We recommend renting the car in Pointe-à-Pitre. Most car rental companies offer free pickup from the airport to their offices.
What To Do in Guadeloupe, France
What to do in Guadeloupe for one week or two? Here’s the list of the best things to do in Guadeloupe, French Caribbean, with something for everyone.
1. Guadeloupe Beaches
For many visitors, the island’s beaches are one of the best Guadeloupe attractions, especially when it is cold in Europe. From family beaches to untouched shorelines, the archipelago has the ideal beach setting for everyone.
All the beaches in Guadeloupe are relatively easy to access and can be easily discovered by car. Best of all, all the Guadeloupe beaches are public, and nearly all are spectacular!
So what are the best beaches in Guadeloupe? Difficult to say, most of them are just amazing! Our favorite Guadeloupe beach was Plage de la Caravelle, but Plage de Pompierre (Terre-de-Haut), Plage de Malendure (Bouillante), and Plage de Grande Anse (Deshaies, Basse-Terre) are also worth a day trip.
2. Guadeloupe Waterfalls
Exploring the island’s waterfalls is another of the fun things to do in Guadeloupe. There are many beautiful waterfalls in Guadeloupe but if you have time only for two, then head to Cascade aux Ecrevisses and Chutes de Carbet (Carbet Falls), both located in Basse-Terre.
The Cascade aux Ecrevisses is a natural basin of the Corossol river that is very easy to reach, a mere 5 min walk from the car park. Here, it is possible to swim but arrive early in the morning as this is a popular spot amongst locals and tourists.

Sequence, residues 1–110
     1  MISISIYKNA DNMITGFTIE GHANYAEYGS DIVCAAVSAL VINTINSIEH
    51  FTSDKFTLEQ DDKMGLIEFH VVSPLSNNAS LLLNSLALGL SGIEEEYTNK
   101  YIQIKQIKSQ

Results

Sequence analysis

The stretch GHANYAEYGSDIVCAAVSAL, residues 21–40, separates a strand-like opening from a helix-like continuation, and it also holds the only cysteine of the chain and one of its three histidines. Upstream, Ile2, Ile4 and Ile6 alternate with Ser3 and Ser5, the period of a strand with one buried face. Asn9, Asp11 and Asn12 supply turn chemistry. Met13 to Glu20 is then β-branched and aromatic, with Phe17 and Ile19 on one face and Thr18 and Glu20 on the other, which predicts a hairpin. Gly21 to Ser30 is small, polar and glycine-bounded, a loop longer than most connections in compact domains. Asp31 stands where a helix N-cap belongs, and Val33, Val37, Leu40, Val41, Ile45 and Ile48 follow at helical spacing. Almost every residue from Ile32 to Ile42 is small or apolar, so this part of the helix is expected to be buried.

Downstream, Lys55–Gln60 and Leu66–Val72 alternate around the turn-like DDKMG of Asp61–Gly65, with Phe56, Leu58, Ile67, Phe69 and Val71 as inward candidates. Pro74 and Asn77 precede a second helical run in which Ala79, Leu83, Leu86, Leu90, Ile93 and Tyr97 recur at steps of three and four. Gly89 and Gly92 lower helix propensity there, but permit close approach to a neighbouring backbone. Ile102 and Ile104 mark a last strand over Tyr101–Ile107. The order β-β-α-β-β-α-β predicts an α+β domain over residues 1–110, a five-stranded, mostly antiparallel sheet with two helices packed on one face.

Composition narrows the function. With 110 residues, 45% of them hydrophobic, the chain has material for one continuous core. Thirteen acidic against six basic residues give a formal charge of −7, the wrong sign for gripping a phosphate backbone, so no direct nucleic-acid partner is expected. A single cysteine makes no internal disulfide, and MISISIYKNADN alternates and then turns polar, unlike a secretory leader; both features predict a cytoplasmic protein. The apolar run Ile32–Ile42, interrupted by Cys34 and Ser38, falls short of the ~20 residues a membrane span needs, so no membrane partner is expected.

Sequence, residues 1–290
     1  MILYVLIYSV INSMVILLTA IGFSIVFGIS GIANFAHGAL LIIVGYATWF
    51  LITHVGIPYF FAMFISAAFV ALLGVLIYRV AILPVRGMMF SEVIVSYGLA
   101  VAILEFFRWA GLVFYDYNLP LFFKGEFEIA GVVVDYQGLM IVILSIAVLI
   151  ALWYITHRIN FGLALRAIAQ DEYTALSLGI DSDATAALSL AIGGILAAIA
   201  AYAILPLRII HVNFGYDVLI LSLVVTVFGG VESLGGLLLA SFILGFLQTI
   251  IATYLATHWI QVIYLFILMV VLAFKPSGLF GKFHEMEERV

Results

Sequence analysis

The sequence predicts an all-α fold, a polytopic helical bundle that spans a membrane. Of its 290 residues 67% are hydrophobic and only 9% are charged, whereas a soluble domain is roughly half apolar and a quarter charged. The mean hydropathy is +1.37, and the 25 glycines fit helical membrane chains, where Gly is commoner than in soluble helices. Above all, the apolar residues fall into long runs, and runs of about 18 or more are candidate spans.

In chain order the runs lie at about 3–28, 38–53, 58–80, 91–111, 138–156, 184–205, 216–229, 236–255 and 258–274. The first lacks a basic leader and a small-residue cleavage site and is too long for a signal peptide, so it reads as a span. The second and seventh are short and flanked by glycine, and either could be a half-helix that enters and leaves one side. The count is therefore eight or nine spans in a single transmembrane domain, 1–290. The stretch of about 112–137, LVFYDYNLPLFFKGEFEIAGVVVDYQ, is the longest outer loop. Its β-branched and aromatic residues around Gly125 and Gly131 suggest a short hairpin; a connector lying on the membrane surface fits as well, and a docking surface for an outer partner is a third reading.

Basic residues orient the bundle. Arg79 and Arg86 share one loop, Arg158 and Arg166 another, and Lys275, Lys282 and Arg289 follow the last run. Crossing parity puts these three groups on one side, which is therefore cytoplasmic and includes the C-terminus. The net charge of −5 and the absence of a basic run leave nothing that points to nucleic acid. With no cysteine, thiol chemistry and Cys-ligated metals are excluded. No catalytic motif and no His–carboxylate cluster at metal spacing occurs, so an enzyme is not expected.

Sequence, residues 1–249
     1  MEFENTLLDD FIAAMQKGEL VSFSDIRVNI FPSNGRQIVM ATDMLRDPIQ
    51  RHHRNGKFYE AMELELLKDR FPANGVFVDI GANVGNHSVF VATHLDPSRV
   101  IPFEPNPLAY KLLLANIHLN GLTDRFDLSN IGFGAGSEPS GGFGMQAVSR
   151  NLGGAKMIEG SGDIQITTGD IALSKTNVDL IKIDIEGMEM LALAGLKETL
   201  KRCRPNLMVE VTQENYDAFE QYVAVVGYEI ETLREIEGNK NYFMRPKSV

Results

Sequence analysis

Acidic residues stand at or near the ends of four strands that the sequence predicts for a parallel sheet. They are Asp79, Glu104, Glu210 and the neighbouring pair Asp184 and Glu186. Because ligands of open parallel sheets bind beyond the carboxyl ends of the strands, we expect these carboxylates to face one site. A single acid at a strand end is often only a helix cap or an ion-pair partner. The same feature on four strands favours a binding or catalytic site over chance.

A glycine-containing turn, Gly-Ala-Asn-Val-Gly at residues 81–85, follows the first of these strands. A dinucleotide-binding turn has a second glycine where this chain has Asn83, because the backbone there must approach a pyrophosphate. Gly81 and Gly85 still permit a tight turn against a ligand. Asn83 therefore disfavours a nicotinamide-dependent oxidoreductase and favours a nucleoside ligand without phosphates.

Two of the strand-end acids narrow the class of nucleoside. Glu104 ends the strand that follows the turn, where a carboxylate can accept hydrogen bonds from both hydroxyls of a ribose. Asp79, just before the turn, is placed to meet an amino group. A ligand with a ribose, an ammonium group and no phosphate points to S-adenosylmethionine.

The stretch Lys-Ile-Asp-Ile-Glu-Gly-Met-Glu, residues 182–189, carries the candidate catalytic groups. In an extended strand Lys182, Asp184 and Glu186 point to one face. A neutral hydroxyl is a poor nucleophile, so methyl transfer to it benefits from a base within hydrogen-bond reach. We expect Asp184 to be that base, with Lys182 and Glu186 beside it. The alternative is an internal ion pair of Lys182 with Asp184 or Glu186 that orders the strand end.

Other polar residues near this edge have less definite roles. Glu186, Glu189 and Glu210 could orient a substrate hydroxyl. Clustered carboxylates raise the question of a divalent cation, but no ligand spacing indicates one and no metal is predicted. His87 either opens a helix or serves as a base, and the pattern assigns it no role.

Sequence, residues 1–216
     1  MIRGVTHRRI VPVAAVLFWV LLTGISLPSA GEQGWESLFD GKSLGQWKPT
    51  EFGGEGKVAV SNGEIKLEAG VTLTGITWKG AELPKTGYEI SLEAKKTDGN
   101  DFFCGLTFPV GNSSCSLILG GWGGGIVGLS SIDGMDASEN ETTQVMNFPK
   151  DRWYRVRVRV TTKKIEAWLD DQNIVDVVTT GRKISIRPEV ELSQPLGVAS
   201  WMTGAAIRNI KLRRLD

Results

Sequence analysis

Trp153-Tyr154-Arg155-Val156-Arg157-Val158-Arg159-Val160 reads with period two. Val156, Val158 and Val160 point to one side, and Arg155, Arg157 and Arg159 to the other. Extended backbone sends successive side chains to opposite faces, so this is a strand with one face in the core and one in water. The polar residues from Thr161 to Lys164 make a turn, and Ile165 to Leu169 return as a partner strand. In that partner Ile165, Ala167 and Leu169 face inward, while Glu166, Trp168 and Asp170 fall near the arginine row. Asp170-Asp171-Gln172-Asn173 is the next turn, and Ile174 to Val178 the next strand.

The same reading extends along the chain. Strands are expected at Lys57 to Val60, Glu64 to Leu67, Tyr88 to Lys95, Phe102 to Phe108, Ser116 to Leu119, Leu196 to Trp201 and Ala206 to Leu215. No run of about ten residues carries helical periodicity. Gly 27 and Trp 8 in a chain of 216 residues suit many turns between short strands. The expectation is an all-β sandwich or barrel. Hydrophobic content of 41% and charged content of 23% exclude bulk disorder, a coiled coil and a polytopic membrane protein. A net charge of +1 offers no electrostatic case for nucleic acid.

The Carbet Falls (in the picture) are located inside Carbet National Park, set amid the tropical rainforest on the lower slopes of the volcano La Soufrière. There are three waterfalls at different heights. Fall number 2 (100 m high) is the easiest to visit, and it only takes 25 minutes (one way) to reach. To see the other two falls, hiking boots and wet weather gear are necessary. The way to fall number 1 takes 1.5 hours (one way), while it takes 2 hours each way to fall number 3.
3. Water Sports Around Guadeloupe
With such a spectacular location in the Caribbean Sea, the Guadeloupe archipelago offers many fun water activities. From sailing to various points of interest to snorkeling or scuba diving, you will be spoilt for choice in Guadeloupe!
The sailing and snorkeling day tour to Les Saintes is one of the most popular day trips in Guadeloupe, and people are never disappointed.
If you prefer something more adventurous, try the stand-up paddle along a mangrove.
4. Visit a Rum Distillery